Hotel Renovation Specialists

Hoegger & Associates Inc.

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Based in Wylie, Texas, Steve Hoegger’s company has been renovating hotels and resorts for almost 30 years. But no matter the scope of the work, his goals remain constant: get the job done on time, within budget and with 100 percent customer satisfaction.
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“Believe it or not, I love the fast pace of the hospitality industry and I love working with the people in it,” says Steve Hoegger, president and CEO of Steve Hoegger & Associates. It’s that desire for “giving 110 percent,” and for working with honesty and integrity that has ensured the nationwide success of the company he and his high school buddy, Perry Christensen, now vice president and project manager, founded.

Not only does Hoegger give his all to the high stakes projects he works on, he enjoys giving back to the wider community. “We’ve been blessed and we want to bless others,” he says, talking about the mission trips he’s led from his church (Wylie United Methodist) to places like Mississippi, south Texas, and Arkansas following hurricane and wildfire damage, helping poverty-stricken families repair or rebuild their homes. Proud of his carpentry skills which opened the door to his business success, he says these mission trips, which have included his four children, “allow me to give back in a personal hands-on way.”

Worry-free renovations
From New Jersey to Florida, to California, to Bermuda, to Hawaii, his company’s been renovating five star hotels, including those owned by Hotel Intercontinental and Marriott International; boutique hotels such as The Mansion on Turtle Creek, one of the premier hotels in Dallas; and on occasion, historic properties, such as The Mill House in Charleston, SC.

And the team isn’t just making a cosmetic difference; they’re making a ‘Hoegger Difference’, one that includes quality work completed to code, attention to detail, and excellent customer service which translates into a worry-free renovation. Sensitive to time and budget constraints, the company has developed an accurate estimating process that allows it to bid the job right the first time, keeping work order changes and cost overruns to an absolute minimum.

In the hospitality industry, there really is no limit to what can be done, but generally speaking there’s a six-year plan that involves just paint, carpet and soft repairs; a 12-year plan that in addition would include more extensive refinishing of case goods or plumbing; or an 18-year plan that could include a full-blown design change to bring it up to brand standard; the latter could include redoing the bathrooms, re-routing electric outlets, and installing new lighting.

“We did a project in Jacksonville where we skinned the whole exterior and added a new front, changed out the doors and windows, and expanded meeting rooms,” Hoegger says, to give an idea of the scope of the work his team is prepared to perform. They’ve just finished two extensive renovations in Hawaii and will go anywhere in the U.S., although he’d prefer to concentrate his business closer to home in the south central region.

And then there are the hotel guests, the hotel’s raison d’être and who Hoegger believes deserve a quality stay, even in the midst of renovations. “We’ve had occasions when management has been able to shut the hotel down while we’re doing renovations, especially if they’ve been doing a brand change – that’s ideal for us,” he says, “but it’s not necessarily ideal for the owner, as they lose their revenue stream. We’re very sensitive to that and want to help them maintain it.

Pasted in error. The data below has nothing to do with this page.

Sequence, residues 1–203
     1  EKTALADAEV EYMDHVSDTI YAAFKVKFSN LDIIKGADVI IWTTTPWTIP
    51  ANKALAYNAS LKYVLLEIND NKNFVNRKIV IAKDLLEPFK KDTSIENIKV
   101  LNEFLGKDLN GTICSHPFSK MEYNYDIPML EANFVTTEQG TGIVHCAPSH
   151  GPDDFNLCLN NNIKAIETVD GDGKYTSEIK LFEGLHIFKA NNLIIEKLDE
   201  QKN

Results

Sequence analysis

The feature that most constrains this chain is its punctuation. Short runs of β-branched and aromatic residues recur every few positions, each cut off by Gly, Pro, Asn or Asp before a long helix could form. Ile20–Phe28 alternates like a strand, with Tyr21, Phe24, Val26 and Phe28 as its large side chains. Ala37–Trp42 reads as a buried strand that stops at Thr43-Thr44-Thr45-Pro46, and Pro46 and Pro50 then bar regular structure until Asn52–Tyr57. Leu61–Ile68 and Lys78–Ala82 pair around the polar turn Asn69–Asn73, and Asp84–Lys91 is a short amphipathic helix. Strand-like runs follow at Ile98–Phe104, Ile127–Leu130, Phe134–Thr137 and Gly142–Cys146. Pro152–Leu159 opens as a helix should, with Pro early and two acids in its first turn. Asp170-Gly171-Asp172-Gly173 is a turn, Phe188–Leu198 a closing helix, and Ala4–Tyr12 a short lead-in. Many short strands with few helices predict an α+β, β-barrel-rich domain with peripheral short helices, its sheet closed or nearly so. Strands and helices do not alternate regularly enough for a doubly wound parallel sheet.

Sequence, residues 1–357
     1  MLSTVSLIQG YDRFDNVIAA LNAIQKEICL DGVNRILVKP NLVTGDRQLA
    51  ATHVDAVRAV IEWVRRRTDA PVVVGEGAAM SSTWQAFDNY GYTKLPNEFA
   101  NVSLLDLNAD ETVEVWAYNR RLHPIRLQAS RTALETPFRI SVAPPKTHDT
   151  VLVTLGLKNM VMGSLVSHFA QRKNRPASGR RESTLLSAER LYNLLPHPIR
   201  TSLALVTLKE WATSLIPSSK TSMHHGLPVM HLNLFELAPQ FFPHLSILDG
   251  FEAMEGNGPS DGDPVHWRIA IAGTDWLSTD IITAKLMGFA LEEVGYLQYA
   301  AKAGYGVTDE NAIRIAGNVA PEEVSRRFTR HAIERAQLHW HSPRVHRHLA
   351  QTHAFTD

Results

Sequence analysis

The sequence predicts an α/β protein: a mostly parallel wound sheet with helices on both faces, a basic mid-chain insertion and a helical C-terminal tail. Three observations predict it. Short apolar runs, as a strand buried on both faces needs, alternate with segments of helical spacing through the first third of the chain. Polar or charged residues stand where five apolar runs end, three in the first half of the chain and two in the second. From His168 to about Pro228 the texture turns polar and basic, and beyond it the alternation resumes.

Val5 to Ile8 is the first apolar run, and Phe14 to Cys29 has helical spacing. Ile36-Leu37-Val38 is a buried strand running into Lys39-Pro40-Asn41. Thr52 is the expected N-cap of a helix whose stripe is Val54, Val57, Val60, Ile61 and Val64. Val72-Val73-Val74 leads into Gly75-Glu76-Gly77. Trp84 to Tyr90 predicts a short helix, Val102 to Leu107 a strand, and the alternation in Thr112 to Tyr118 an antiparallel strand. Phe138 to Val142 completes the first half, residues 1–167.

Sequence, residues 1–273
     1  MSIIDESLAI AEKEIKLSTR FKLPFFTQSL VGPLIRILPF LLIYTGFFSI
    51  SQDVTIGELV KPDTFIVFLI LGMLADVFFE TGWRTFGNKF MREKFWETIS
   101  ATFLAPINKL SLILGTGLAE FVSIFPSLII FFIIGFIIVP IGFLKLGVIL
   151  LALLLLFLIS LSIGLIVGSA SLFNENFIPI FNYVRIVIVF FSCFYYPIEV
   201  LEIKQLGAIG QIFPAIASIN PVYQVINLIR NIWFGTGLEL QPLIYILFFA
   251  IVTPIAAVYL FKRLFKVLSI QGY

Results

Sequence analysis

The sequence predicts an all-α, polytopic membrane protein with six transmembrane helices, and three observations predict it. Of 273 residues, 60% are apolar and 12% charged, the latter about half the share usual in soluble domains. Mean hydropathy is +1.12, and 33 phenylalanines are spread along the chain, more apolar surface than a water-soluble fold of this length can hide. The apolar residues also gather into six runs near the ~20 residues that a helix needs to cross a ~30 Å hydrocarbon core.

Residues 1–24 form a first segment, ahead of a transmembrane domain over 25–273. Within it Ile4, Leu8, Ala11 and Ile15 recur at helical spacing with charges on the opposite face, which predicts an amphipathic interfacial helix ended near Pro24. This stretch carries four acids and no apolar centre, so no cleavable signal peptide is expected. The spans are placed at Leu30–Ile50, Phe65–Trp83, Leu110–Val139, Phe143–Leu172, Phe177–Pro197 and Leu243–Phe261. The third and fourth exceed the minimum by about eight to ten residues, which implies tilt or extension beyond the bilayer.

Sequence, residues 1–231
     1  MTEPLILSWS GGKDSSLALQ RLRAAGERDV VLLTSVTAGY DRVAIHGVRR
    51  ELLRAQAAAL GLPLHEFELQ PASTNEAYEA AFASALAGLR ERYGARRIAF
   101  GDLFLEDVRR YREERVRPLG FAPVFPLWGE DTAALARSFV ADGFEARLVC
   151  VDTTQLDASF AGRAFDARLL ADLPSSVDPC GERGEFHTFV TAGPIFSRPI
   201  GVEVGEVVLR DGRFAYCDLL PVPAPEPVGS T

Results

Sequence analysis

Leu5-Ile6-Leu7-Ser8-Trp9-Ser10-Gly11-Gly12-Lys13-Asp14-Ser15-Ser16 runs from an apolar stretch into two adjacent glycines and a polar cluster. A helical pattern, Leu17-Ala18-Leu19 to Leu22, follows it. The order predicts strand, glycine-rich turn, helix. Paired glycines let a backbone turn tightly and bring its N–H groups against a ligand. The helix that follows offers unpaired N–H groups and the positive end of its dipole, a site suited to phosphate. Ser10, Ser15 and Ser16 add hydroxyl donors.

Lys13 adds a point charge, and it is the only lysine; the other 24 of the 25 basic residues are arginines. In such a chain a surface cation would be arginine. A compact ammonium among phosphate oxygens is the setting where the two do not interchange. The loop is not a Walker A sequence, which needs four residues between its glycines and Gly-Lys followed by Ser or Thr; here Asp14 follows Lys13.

“So we’ll go in and put together a detailed schedule and an overall schedule of how many rooms will be out and what times of the day we can make noise and what times we can’t. We present that to them and work very closely with the property manager to make sure the guests see a seamless transition between the old and the new. It’s really a delicate situation to work around guests, so we’ll start on the top floor and if revenue allows, we may block off the floor immediately below as insulation and then work our way down to the first.”

This kind of careful planning is the key to keeping guests happy, and keeping people happy is always on Hoegger’s mind. “I want people to be happy,” he says. “I understand life; I’m a family man and family comes first, and I like to say the business is our extended family and it needs to be a happy atmosphere where people will enjoy coming to work, because that’s the way I want to come to work. That’s not to say we don’t have some tough times, stress, and pressure, but you can deal with that a lot better if everyone knows we’re all a team and have each other’s backs.”

This extends to the relationships Hoegger builds with satisfied repeat customers. For example, he’s negotiated all renovations for the Hotel International in Dallas since 2004 and says, “our relationship with the property owner is just great; the Marriott folks have also been great with us over the years. We also do work with the Marriott Family Trust and just finished a property in Charlotte, NC – a full service renovation, and the ownership group and the staff there are just so welcoming and accommodating. That’s really what makes the project – not just the project, but the people you work with, that’s what makes it fun and enjoyable and that’s the way it should be.”